I’m starting to regret ever telling Randy Davis that I wanted to relearn the mandolin.
I mentioned it to him on the airwaves one day. I also included it in a list of things I wanted to do during quarantine, but it is far easier to ignore myself than it is to have to answer to someone else. That list is on the dry erase board on my refrigerator so I see it constantly, but the more I see it, the less I read it.
It’s like the sticker, courtesy of Publix, that I put on the window of the kitchen door to remind myself to take my own bags to the store. It might have worked once, maybe twice, but now I don’t even see it, and if I do notice it, it is usually at a time that it isn’t useful, just guilt-inducing.
Every week, when I see Randy for our Monday radio show on WLAQ, he asks me if I played the mandolin since we last talked, and I have to tell him no. I could kick myself each week because all I’d have to do is remember to take it down off the wall and play it for a bit each evening, but I don’t. There are always other things to do.
I really do want to get back to playing it, but it is hard. It hurts my fingers, it is frustrating to sound so rusty and awkward while I try and relearn the chords. You see, I was never really great at it in the first place, and nothing sounds worse than hearing every infraction bounce off the walls while you sit alone in your house.
Back in the ’80s I was singing with a girl that lived in my college dorm, and I taught myself how to pick out a fun little mandolin riff from the beginning of a song by a somewhat obscure country rockabilly duo that I loved, The O’Kanes. The song was called “Just Loving You” and I loved the lyrics.
If I could be anyone that I wanted to be
I’d be me just loving you
If I could go anywhere see what I wanted to see
I’d see me just loving you
All I knew at the time, was that if I could be anyone that I wanted to be, I’d be me, just playing that mandolin and singing my song. Staci and I would sit on the front porch of our dorm with her guitar, sometimes with my mandolin, and sing our hearts out. She’d write songs, I’d find the harmony, and we loved every minute of it.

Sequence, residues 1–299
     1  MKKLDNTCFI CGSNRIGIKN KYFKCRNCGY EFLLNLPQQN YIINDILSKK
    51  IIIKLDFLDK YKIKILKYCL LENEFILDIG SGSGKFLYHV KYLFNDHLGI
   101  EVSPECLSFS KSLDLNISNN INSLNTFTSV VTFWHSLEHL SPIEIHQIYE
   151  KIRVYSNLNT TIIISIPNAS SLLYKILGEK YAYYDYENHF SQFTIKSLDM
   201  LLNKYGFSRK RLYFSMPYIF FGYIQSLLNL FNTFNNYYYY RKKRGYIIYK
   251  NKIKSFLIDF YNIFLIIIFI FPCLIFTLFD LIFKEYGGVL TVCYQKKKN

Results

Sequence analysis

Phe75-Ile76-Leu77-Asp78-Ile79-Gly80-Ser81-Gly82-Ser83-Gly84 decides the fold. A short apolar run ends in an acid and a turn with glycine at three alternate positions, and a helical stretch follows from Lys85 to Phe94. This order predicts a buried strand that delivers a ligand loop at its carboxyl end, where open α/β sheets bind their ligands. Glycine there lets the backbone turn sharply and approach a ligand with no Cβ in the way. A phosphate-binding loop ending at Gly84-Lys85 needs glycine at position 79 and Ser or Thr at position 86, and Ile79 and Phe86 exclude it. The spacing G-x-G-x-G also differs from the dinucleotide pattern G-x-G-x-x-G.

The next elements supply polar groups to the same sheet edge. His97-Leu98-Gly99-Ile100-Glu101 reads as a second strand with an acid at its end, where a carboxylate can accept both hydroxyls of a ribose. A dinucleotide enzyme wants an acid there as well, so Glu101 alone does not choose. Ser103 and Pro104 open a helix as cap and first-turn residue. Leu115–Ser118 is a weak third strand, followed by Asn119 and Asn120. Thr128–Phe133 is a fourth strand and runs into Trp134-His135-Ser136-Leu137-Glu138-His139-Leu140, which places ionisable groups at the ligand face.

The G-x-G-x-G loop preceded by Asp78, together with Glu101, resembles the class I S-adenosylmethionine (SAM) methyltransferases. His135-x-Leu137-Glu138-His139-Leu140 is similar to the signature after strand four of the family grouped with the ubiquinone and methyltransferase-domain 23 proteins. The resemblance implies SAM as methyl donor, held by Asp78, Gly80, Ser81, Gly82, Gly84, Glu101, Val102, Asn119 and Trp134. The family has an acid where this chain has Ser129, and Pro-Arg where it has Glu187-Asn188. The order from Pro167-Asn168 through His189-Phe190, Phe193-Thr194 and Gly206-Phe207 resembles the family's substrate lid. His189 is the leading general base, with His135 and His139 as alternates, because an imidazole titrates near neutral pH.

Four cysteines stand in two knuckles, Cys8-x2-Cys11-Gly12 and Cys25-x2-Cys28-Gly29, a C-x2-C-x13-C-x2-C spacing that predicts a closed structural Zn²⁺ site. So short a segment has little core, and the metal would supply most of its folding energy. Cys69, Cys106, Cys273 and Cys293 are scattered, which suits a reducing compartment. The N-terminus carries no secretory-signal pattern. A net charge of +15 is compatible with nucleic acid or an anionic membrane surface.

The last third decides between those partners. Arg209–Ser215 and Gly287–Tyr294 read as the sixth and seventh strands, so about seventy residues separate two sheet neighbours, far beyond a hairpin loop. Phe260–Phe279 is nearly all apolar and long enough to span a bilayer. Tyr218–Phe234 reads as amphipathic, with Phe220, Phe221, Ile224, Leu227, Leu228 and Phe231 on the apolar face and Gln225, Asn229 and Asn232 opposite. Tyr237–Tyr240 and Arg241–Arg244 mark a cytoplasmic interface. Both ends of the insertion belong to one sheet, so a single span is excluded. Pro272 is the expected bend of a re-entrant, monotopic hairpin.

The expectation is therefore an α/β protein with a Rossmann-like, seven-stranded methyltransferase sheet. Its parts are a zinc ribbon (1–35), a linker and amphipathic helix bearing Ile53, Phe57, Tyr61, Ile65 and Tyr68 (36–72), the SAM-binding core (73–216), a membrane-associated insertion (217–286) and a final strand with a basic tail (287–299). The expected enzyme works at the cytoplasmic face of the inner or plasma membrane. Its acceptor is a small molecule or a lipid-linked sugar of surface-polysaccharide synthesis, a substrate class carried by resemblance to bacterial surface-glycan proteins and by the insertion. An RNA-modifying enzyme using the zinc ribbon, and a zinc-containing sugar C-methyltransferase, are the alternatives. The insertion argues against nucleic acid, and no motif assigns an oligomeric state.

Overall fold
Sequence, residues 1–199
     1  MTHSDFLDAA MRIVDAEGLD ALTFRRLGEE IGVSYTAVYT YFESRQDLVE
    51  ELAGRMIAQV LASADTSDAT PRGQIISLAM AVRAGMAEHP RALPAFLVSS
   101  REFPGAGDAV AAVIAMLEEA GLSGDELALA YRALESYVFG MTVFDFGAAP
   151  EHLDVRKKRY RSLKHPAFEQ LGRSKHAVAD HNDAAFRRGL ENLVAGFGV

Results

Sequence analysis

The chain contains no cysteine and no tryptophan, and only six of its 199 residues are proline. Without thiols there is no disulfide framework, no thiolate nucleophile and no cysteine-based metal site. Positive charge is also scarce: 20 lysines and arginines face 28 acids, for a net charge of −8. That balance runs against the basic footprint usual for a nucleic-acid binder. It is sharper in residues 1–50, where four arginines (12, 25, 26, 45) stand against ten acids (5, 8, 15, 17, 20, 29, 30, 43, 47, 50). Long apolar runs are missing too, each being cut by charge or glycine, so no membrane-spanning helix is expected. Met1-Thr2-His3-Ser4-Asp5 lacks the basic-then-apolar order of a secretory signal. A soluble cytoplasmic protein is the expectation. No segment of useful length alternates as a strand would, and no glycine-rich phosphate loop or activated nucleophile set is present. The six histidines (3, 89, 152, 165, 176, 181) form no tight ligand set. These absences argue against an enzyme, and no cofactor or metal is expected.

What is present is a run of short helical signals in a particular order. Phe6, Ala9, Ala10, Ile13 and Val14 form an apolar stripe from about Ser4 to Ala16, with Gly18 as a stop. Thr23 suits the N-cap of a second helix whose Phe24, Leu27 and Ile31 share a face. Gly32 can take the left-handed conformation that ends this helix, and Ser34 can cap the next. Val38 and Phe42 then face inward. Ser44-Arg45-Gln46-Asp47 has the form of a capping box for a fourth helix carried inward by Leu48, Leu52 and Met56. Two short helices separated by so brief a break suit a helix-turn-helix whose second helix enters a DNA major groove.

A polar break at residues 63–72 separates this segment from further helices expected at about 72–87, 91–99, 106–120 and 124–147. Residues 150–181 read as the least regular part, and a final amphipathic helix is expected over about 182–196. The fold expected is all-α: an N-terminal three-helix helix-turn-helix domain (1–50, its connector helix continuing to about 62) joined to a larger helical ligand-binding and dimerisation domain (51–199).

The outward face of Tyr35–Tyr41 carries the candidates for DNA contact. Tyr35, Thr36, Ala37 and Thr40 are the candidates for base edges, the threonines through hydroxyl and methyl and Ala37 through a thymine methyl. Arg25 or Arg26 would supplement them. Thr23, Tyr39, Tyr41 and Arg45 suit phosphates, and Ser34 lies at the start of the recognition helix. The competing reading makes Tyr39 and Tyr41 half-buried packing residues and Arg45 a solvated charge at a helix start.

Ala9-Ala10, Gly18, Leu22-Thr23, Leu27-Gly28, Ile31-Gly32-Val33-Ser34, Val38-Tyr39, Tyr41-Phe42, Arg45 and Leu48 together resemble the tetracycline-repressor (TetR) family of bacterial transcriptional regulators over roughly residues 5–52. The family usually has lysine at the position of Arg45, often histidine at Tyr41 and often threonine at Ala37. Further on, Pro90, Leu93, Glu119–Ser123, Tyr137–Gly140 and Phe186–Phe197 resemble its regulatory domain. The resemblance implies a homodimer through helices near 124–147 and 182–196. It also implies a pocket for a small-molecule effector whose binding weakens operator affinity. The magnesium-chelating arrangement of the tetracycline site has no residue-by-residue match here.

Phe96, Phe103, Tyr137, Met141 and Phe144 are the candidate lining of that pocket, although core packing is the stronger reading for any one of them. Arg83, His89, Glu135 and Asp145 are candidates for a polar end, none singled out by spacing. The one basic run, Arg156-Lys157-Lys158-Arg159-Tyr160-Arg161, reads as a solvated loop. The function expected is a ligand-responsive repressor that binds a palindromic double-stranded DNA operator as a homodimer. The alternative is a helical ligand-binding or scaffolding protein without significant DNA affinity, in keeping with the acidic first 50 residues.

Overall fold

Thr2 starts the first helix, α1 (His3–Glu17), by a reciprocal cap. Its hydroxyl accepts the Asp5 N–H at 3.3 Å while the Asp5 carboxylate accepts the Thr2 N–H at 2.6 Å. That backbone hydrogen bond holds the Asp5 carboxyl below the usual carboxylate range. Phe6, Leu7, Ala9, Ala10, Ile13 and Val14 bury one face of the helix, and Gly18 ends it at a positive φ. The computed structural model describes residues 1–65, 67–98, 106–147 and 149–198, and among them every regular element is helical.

We went on to perform a few times in public, but after college she moved back home to Columbus and, even with the best of intentions, we rarely got together again. Years afterwards, she decided to record the stuff she had written and I drove down to provide the harmonies in the studio. It was so strange, because it just didn’t feel the same all those years later. It’s fun to listen to the CD she produced, but it’s more fun to remember the sound of that time on the porch, pouring ourselves into the creation of our sound.
That’s kind of how it is with the mandolin now, it just doesn’t feel the same. And, Hansel & Gretel are a terrible audience, much less partners ready to jump in with a harmony at just the right time.
How do you generate the magic that fuels a labor of love? Or, can you? Is the entire point just having the magical ingredients fall into place when you least expect them?
I’ve had the good fortune of getting to work out with Bob Moss in the last few weeks, and just Thursday we were talking about the importance of figuring out the thing that you love most to do, and making that your vocation. He talked about how much he enjoys working with people and helping them improve themselves physically, but how it also leads to emotional and spiritual growth, too.
The love he feels for what he does comes through in an infectious way and it really does impact you beyond the physical workout. I look forward to being stronger and more svelte, but I am mostly enjoying the satisfaction of knowing that I am doing something good for myself, and accomplishing a goal twice a week.
Now, if I can just find that sense of satisfaction with the mandolin!
Of course, my first mistake was announcing my intentions to Randy and our radio audience. It seems like that should give me the motivation I need, doesn’t it? Randy and others are expecting me to make progress, so that should hold me accountable, right? Kind of like sharing your New Year’s resolutions, your friends’ expectations and encouragement should help you stick to it, or so we think.
Well, it turns out that such sharing, in fact, has the exact opposite effect. Several years ago a study done on a group of psychology students showed that when you announce your goals and others hear them, it actually triggers a sense of completion in your brain that is counterproductive to the initiative needed to actually complete it. In other words, if you tell other people you are going to do something, your brain believes that you have already done it, and your incentive goes away.
That kind of stinks, if you ask me. But, if it is true, I need to change my story.
So, here I am, announcing to Randy and whomever cares to listen, that I will NOT be playing the mandolin again, so don’t even think about asking me about it!
That feels better.
Now that I’ve reached the end of this labor of love that is writing this column, what is the next one that I can pick up?
Hmmm, that mandolin sure is looking pretty over there. Maybe I’ll try it out, but don’t tell anyone.